Outsider art – it could go either way. Self-taught artists can produce genius or drivel, whose only saving grace is that it appears in a gallery. If you saw it out of context, you might think that a child in a bad mood had created it. Luckily the curators of Souzan, a word that means something between creation and imagination, have steered clear of that cliché. This five-part exhibition may well take you on at least the start of an intriguing tour around the edges of Japan’s artistic psyche.
There is some so-so stuff. The Language section of the exhibition (unfortunately the first section as you enter) consists mainly of Japanese characters scrawled in different ways and in different sizes by different artists. Really, who cares.
The Representation section holds, among some dross, some hidden gems. M.K’s Lady with Rainbow-Coloured Hair (2009) displays a lightness of touch and a humour that I didn’t expect to find in the ever-so-serious-sounding category of Japanese outsider art.
The text beside the fraught lady repeats the endless tirade airplane passengers must endure over the PA system (fasten your seat-belt, no smoking, get the food service now, fasten your seat-belt, etc) . I know exactly how she feels.
The Relationship section, as expected, involves a lot of sex. From Nobuji Higa’s stylised nudes, fleshy and distorted, to Sakiko Kono’s stuffed dolls, representing people who have been kind to her during her 55 years at one residential facility, you’ll find plenty to think about.
Marie Suzuki’s portrayals of sex, procreation and gender (below) are dripping with phobias of the psyche. Technically brilliant but deeply disturbing, don’t expect to see them in the flesh and walk away unscathed.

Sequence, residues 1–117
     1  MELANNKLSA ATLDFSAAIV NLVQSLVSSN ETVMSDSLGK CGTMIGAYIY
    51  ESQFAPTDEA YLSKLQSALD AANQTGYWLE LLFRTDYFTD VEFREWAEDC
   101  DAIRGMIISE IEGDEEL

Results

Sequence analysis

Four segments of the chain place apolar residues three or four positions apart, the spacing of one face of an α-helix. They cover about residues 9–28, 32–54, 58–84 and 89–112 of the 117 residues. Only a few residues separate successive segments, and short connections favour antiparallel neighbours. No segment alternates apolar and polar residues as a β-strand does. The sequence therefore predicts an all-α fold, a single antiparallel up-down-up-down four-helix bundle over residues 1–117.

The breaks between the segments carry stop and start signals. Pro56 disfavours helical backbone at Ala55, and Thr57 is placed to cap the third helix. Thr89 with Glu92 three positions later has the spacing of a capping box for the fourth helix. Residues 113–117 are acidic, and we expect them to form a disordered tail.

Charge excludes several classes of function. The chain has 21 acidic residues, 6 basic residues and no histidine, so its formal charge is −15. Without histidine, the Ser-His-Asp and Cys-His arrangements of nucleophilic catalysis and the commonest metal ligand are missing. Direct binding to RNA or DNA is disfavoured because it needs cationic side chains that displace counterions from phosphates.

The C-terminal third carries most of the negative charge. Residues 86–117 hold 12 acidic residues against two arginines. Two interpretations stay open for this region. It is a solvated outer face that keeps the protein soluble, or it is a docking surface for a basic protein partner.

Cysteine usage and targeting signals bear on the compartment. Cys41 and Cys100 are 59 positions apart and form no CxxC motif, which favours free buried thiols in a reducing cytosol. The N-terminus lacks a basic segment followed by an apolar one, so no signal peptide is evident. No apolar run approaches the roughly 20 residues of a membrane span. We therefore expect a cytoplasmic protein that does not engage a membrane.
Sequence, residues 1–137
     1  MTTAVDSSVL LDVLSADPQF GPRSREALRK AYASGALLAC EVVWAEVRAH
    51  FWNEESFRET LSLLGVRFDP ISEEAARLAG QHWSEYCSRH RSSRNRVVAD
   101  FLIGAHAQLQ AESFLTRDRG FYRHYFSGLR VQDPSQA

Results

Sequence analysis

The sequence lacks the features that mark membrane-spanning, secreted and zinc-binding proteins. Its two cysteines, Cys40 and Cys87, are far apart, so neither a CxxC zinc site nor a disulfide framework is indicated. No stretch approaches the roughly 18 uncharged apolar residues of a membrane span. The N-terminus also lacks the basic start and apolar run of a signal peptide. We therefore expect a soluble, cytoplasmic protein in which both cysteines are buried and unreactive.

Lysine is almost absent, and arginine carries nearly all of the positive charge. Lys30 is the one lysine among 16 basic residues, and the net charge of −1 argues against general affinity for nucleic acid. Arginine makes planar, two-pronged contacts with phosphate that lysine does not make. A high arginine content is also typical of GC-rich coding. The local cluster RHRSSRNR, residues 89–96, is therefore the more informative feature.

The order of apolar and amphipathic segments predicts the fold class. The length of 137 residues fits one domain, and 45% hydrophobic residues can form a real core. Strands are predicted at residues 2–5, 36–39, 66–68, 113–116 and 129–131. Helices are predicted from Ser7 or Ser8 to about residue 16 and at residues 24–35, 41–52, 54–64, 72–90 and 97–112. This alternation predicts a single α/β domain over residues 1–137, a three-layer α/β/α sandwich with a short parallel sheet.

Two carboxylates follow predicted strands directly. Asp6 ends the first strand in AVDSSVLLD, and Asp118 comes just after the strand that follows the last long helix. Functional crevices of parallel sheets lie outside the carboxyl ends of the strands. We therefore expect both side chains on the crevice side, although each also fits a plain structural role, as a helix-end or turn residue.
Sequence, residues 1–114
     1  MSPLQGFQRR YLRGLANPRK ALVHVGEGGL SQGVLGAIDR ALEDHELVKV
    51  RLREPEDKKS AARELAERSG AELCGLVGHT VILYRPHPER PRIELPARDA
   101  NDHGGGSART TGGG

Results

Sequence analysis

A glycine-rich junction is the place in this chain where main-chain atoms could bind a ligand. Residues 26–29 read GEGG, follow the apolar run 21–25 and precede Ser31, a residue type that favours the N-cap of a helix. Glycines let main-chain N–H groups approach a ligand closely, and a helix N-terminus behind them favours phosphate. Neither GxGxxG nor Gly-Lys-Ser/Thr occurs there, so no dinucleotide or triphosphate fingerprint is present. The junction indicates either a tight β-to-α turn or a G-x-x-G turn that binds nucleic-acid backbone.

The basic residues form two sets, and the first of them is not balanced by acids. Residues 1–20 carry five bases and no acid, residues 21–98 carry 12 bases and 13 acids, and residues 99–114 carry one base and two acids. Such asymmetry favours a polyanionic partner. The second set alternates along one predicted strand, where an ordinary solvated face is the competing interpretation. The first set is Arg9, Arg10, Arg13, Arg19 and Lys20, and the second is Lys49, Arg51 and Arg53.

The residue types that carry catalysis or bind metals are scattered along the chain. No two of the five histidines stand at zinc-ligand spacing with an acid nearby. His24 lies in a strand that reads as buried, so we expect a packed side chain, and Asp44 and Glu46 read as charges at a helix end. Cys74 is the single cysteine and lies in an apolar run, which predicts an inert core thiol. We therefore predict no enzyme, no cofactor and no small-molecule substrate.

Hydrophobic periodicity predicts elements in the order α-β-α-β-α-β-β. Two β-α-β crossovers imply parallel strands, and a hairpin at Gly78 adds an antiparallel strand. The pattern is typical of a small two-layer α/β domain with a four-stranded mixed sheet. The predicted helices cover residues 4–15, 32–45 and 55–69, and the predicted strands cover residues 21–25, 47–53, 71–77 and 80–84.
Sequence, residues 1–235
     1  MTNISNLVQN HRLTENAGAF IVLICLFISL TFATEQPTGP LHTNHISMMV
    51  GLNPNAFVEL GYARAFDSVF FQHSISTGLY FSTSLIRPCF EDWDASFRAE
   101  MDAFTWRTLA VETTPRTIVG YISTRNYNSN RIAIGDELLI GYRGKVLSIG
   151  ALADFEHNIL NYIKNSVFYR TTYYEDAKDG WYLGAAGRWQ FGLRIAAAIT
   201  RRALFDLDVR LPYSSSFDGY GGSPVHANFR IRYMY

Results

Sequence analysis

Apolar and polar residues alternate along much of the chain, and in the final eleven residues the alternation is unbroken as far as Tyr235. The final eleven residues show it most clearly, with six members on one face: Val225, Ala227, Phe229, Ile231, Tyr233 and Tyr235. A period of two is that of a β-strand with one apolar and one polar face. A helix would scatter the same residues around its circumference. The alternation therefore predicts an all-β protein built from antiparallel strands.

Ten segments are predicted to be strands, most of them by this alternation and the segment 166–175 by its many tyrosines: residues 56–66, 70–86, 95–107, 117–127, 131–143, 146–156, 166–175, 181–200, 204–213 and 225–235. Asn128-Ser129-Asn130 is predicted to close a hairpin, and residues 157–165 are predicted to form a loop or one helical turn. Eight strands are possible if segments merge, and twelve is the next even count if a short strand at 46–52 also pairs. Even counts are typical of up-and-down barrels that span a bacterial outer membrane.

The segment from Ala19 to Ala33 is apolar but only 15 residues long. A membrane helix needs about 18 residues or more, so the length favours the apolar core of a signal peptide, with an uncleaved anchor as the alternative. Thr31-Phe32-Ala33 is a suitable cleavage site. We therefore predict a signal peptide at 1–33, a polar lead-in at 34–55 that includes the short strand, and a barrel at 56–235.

The Culture section isn’t worth mentioning, unless a ten foot map of an imaginary city scrawled in Biro is your idea of artistic brilliance. And if it is, fair play; it would be mine too if there was anything interesting included in it.
The tour de force of the exhibition was the Making section. Here creation and imagination go wild. Noriko Tanaka presents a lovely exploration of colour, aptly titles Five Colours and Other Colours. Tanaka’s hand-stitched tapestries woven from the three primary colours, plus black and white, create a shimmering rainbow that holds inside itself other, unnamed hues.
Akane Kimura creates paintings that apparently reference music, but I just enjoyed his rich palette and – dare I say it – was reminded of Rothko.
The WOW factor, the art I’d crawl over ground glass to see, was Shota Katsube’s Untitled (2011). 300 tiny figures, made out of the glittering ties that are used to close garbage bags in Japan, are displayed in a glass case, like so many gems. And intricate gems they are, each one painstakingly frozen in a pose or a tableaux. The figures reference the action heroes of American comic books – Marvel, D.C and the rest – themselves now assimilated into popular Japanese culture, as well as the traditional samurai.
These figures have to be seen to be believed. They are complete with individual weapons; swords, spears, lighting rods and rings of fire, as well as individually sculpted armour and their own personal arsenals of super-weaponised limbs. You could spend an hour studying them all, experiencing fresh discovery.
Make of them what you will. I loved the concept of American heroes recreated from rubbish material and reduced to a fraction of their size, before being displayed in a gallery like frozen artifacts of a bygone era; American artifacts that don’t realise they are frozen and that all their power is gone. A pleasant fantasy for a future world. But that’s just my take.
So all in all, some outsider art that is pretty far out there. Much further out there than I expected and much prettier too. Enjoy.
Souzou runs until 30th June 2013
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